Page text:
Pirate Bay, the torrent search engine, has been found guilty of sharing files, movies, books, what-have-you illegally and the principals have been sentenced. Personally I have never been a fan of these sites, however the business person in me realizes that at the same time this is not a win for authors and producers and actors. It just seems to prolong the inevitable - an excuse to cling to old business models which have been failing.
Via Tech Dirt:
.... the entertainment industry will gleefully declare victory, and make statements about how this is a major victory against "piracy." But, in actuality, the exact opposite of that will occur. Unauthorized file sharing continues (or even increases) and it becomes that much more difficult for the legacy industries to win back customers and embrace these new, useful and efficient tools of distribution and promotion. It's a classic case of winning the battle and losing the war. The ultimate problem, of course, is that the entertainment industry still (amazingly) thinks this is a legal issue, not a business model one. It can win as many legal battles as it wants, but in thinking it's a legal issue, it will never recognize how its business models need to change.
It is difficult for me, and people like me who want to embrace all sorts of new models, to side with the entertainment industry. It is also tough for me who wants to see artists getting paid for what they do, to side with this site. It is a grey-area in both business and moral terms, in my opinion.
I think back to the 1970's when in Canada, and in the US, it cost dollars a minute to make a long distance call. The telecommunications market needed opening up, but the industry fought it. When it finally did open up, we saw tremendous innovation, much lower prices, and a changing model. Some of those "old companies" were invigorated, and as consumers we were rewarded.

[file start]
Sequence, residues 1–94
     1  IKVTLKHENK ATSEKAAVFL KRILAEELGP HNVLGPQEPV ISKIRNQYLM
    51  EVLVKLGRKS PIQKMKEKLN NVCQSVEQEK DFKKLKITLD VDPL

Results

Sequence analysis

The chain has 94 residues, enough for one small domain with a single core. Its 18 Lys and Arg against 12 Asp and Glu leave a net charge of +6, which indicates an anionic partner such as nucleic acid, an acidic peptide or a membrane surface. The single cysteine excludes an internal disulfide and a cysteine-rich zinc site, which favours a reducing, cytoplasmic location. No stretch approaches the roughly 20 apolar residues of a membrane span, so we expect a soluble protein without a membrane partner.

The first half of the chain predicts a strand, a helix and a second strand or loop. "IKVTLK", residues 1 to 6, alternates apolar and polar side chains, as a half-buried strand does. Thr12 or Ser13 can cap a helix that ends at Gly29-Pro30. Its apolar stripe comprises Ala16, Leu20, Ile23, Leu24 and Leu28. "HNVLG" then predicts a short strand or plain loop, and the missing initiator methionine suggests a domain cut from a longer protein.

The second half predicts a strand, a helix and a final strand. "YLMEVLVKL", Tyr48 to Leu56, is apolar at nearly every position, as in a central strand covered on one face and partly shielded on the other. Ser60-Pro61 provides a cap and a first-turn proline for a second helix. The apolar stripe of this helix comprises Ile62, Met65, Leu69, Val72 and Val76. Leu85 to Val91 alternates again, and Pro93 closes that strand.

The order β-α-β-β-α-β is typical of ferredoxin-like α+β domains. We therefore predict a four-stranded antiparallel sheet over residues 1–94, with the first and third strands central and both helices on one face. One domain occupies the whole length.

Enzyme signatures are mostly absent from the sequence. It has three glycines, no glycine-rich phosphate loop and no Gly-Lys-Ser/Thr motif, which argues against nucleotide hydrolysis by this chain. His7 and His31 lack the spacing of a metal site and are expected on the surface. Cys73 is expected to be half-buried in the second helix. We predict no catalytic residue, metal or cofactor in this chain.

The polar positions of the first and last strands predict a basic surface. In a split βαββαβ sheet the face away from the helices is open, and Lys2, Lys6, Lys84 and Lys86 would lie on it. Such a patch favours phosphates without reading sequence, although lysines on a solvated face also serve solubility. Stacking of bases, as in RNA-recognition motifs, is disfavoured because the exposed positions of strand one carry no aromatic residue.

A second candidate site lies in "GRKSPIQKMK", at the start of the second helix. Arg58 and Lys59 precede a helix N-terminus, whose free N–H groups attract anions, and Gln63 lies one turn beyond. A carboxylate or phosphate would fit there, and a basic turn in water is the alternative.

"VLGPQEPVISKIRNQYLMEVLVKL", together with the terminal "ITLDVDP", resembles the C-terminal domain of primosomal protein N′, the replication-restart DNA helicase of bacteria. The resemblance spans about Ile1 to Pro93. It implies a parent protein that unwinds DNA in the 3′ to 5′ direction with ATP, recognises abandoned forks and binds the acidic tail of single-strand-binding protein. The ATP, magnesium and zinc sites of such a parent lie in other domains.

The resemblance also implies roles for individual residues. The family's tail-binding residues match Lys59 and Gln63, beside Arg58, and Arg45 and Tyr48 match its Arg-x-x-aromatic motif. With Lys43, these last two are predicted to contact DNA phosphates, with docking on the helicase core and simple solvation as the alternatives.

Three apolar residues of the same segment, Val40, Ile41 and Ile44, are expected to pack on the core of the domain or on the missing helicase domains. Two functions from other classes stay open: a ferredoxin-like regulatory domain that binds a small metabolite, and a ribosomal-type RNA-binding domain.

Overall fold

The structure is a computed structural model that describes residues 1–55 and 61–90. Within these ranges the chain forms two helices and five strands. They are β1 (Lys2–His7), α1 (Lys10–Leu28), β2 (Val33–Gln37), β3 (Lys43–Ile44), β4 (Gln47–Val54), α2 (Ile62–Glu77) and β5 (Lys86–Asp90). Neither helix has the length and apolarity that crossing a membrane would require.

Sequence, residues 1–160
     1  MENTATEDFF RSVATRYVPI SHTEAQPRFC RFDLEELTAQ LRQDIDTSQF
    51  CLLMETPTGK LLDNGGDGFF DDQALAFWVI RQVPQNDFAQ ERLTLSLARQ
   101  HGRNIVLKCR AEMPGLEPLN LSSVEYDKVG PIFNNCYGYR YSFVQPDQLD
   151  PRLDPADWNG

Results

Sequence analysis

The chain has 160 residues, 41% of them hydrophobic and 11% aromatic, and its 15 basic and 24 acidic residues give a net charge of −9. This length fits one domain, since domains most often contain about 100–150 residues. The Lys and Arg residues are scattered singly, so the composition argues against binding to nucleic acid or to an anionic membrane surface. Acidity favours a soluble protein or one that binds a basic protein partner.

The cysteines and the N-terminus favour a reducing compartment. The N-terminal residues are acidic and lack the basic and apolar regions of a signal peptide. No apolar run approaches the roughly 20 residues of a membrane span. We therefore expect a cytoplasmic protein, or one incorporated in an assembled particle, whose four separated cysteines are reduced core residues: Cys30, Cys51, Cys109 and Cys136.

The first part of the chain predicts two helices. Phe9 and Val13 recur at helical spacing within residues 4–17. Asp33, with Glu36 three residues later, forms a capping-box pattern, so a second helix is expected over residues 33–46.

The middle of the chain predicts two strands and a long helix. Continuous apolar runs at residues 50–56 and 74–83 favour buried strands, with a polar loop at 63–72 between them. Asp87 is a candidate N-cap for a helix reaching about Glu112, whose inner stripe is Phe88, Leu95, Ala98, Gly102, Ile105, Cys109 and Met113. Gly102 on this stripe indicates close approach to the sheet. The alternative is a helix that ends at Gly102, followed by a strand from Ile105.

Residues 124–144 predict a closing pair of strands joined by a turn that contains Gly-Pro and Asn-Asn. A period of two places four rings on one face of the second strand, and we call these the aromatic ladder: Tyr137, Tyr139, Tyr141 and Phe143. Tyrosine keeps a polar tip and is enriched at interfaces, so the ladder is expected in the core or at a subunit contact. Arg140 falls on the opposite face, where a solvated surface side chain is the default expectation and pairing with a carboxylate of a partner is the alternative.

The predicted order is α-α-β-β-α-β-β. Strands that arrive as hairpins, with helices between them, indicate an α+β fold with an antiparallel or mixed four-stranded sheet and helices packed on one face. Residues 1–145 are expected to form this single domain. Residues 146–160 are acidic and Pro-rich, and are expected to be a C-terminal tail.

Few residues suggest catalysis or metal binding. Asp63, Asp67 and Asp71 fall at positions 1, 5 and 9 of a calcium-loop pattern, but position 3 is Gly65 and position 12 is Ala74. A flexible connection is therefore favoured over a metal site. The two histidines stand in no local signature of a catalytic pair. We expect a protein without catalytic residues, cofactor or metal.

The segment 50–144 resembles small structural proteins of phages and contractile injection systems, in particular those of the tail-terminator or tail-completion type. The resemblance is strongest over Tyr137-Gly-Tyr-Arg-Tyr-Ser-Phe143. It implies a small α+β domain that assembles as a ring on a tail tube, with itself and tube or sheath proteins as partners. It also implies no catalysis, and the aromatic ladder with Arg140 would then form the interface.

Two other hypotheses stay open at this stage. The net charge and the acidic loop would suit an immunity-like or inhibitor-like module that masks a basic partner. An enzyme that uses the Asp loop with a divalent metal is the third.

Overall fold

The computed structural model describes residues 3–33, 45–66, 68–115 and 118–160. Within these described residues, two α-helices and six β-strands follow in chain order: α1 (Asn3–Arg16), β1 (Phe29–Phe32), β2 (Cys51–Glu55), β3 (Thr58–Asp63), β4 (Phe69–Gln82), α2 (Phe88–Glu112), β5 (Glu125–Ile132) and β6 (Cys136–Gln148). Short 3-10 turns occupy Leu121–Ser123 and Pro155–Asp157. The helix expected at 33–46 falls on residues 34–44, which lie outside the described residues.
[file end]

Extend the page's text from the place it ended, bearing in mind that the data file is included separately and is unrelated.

I believe that the old way of distributing music and movies has to change as well. In 1999, selling a CD with 12 songs for $19.99, when the consumer wanted only one song, was good to line pockets of the sellers, but the consumer was getting the shaft, and the first chance they got to jump ship, they did. In racing we see similar - the first chance people got to join something new (poker, bookmaking sites, betfair) they did. They were finally delivering what they wanted, at a fair price, in a fun way.
Places like betfair have pushed the racing business in many ways; many of them for the better. In 2009 we can get rebates, innovative video, some free past performances, and so on. But we have a long way to go. And it is never easy when old must become new, for the businesses themselves, or for us as consumers. But I do hope racing, and the other old businesses like entertainment do realize that the reason these places exist is for a major systemic reason - their customers are not being catered to in a 21st century way.
Keith at Triple Dead Heat has his thoughts up on the Woodbine start/finish experiment. Check it out.